John McCain’s interview with Jeffrey Goldberg is an interesting counterpoint to Barack Obama’s. In McCain’s interview, you will find not a trace of moral equivalence, no infatuation with Philip Roth (whom Obama apparently imagines as the paragon of American Judaism–perhaps needing a more up to date understanding of Roth’s legacy among many American Jews), and no hesitancy to denounce Islamic jihadism.
Reading the two interviews side-by-side provides a telling contrast between two world views and two approaches to foreign affairs. McCain goes out of his way to stress the role of diplomacy at the right level and the right time, but the main differences between the two candidates are stark. These three questions and answers sum it up:
JG: What do you think motivates Iran?
JM: Hatred. I don’t try to divine people’s motives. I look at their actions and what they say. I don’t pretend to be an expert on the state of their emotions. I do know what their nation’s stated purpose is, I do know they continue in the development of nuclear weapons, and I know that they continue to support terrorists who are bent on the destruction of the state of Israel. You’ll have to ask someone who engages in this psycho stuff to talk about their emotions.
. . .
JG: Senator Obama has calibrated his views on unconditional negotiations. Do you see any circumstance in which you could negotiate with Iran, or do you believe that it’s leadership is impervious to rational dialogue?
JM: I’m amused by Senator Obama’s dramatic change since he’s gone from a candidate in the primary to a candidate in the general election. I’ve seen him do that on a number of issues that show his naivete and inexperience on national security issues. I believe that the history of the successful conduct of national security policy is that, one, you don’t sit down face-to-face with people who are behave the way they do, who are state sponsors of terrorism.
Senator Obama likes to refer to President Kennedy going to Vienna. Most historians see that as a serious mistake, which encouraged Khrushchev to build the Berlin Wall and to send missiles to Cuba. Another example is Richard Nixon going to China. I’ve forgotten how many visits Henry Kissinger made to China, and how every single word was dictated beforehand. More importantly, he went to China because China was then a counterweight to a greater threat, the Soviet Union. What is a greater threat in the Middle East than Iran today?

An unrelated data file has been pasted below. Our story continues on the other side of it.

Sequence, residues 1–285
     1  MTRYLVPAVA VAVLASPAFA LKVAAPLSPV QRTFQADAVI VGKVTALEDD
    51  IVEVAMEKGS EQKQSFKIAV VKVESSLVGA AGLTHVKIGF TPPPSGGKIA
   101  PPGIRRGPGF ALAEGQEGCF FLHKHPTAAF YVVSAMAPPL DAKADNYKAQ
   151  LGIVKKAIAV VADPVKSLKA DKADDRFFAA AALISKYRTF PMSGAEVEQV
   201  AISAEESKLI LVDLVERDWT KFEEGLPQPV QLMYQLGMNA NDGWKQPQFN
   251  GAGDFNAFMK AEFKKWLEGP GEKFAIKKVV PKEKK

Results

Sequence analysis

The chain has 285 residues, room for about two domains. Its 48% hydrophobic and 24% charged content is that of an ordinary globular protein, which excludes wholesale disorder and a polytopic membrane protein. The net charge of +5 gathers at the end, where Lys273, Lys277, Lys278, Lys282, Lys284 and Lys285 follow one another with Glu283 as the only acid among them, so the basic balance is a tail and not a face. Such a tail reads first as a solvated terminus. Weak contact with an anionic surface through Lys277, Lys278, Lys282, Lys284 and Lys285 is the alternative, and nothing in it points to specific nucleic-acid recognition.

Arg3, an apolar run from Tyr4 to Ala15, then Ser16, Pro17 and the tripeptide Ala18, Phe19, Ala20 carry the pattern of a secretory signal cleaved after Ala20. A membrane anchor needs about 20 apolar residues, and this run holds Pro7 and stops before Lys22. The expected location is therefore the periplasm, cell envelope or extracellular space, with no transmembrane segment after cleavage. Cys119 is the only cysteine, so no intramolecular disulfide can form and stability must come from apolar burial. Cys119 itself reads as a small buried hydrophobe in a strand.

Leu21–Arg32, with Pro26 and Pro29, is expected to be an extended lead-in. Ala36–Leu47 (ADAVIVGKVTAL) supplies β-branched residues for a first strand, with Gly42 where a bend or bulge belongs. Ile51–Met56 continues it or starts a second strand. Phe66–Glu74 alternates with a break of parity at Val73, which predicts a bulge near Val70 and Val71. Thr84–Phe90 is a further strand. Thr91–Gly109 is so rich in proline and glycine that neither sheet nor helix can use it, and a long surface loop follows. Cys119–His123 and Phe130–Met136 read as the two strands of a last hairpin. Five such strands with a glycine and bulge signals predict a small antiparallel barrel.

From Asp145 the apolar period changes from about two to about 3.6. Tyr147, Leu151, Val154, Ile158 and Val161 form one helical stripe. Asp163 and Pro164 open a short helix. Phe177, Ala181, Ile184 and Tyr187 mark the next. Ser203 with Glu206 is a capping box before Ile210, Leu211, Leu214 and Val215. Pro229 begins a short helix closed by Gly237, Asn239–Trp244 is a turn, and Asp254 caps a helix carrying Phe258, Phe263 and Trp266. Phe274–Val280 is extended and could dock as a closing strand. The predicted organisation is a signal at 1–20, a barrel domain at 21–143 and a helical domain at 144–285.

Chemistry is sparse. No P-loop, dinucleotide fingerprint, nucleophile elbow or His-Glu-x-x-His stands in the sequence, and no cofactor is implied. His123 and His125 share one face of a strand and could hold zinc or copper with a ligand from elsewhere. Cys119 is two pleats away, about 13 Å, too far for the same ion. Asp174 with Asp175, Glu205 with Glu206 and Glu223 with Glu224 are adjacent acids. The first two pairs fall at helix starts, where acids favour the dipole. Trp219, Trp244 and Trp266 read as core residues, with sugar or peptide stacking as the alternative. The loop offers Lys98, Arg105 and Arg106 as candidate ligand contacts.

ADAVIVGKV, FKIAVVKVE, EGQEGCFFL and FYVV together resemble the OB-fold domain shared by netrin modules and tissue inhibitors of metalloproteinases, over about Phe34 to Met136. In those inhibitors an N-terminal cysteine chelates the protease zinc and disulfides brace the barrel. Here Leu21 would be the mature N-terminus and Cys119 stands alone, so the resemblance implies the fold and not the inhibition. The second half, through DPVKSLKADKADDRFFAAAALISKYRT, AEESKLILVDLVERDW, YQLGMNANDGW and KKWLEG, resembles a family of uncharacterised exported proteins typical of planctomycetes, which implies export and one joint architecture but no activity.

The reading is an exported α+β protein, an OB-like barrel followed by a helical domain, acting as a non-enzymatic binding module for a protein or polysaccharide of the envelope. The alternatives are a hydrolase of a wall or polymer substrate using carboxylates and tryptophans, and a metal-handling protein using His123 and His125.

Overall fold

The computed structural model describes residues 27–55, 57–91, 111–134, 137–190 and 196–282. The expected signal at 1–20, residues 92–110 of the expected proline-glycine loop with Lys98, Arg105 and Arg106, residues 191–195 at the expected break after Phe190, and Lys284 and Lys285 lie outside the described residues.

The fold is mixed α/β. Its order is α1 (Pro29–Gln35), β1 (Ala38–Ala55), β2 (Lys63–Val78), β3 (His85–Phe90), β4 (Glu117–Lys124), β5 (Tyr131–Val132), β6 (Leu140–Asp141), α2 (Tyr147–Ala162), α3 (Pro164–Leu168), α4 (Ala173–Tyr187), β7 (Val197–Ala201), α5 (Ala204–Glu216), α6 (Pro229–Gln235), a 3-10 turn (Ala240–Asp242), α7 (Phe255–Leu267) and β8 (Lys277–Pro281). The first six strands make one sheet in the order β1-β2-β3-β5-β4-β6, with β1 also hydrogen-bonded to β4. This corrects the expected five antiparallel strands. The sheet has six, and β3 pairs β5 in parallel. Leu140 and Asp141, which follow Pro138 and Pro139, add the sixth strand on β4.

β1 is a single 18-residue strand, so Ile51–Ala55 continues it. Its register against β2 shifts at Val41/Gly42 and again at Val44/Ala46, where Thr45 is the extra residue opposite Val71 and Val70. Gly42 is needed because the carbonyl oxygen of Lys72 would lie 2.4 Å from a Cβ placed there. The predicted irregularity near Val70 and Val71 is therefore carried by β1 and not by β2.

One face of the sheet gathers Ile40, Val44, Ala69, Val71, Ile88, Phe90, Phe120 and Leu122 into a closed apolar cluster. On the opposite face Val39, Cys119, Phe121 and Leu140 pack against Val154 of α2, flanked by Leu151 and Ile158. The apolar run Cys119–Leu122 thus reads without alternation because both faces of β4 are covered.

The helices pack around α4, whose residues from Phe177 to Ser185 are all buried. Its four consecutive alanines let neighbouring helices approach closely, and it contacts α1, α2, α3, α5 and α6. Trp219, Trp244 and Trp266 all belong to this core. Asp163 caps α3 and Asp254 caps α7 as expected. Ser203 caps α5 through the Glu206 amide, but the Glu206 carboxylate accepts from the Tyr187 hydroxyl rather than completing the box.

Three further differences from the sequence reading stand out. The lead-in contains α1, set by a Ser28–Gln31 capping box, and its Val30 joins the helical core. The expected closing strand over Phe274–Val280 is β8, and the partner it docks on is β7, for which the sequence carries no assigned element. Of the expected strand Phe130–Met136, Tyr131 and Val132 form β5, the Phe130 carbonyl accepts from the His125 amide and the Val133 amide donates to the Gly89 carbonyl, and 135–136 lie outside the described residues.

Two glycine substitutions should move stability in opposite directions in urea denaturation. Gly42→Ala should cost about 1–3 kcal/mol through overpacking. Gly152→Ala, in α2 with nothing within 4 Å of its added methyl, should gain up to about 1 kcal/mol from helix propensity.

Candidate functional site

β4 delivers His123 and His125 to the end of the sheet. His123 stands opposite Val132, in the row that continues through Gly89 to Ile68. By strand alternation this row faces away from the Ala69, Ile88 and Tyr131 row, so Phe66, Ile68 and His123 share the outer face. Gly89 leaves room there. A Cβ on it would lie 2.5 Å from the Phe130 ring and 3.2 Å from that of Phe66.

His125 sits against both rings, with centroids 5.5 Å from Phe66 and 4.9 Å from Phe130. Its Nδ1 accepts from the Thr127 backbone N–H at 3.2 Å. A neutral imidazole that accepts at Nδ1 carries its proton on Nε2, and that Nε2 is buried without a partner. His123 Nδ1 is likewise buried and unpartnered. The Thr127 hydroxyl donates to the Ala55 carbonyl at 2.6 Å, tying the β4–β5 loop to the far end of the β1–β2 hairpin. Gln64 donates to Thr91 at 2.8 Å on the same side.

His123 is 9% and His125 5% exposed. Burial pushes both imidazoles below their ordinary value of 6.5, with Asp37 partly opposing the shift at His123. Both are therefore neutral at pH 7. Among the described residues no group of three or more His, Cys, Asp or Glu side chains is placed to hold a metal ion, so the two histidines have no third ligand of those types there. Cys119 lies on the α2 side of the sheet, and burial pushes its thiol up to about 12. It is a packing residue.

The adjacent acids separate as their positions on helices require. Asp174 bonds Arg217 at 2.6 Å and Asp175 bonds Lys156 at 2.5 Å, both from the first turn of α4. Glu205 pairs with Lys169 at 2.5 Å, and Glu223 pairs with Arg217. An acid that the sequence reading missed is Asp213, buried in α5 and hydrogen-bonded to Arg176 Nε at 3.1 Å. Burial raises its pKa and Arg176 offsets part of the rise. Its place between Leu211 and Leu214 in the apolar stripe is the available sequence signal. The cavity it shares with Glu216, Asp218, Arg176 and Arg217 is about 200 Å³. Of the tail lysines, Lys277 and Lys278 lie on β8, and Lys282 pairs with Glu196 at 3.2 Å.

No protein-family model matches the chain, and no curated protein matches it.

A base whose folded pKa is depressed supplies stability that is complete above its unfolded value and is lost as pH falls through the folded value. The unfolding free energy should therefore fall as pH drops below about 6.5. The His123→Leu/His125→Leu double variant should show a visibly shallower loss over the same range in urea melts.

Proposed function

Senator Obama is totally lacking in experience, so therefore he makes judgments such as saying he would sit down with someone like Ahmadinejad without comprehending the impact of such a meeting. I know that his naivete and lack of experience is on display when he talks about sitting down opposite Hugo Chavez or Raul Castro or Ahmadinejad.
. . .
JG: Let’s go back to Iran. Some critics say that America conflates its problem with Iran with Israel’s problem with Iran. Iran is not threatening the extinction of America, it’s threatening the extinction of Israel. Why should America have a military option for dealing with Iran when the threat is mainly directed against Israel?
JM: The United States of America has committed itself to never allowing another Holocaust. That’s a commitment that the United States has made ever since we discovered the horrendous aspects of the Holocaust. In addition to that, I would respond by saying that I think these terrorist organizations that they sponsor, Hamas and the others, are also bent, at least long-term, on the destruction of the United States of America. That’s why I agree with General Petraeus that Iraq is a central battleground. Because these Shiite militias are sending in these special groups, as they call them, sending weapons in, to remove United States influence and to drive us out of Iraq and thereby achieve their ultimate goals. We’ve heard the rhetoric — the Great Satan, etc. It’s a nuance, their being committed to the destruction of the State of Israel, and their long-term intentions toward us.
A better explanation of the differences between the candidates will be hard to come by.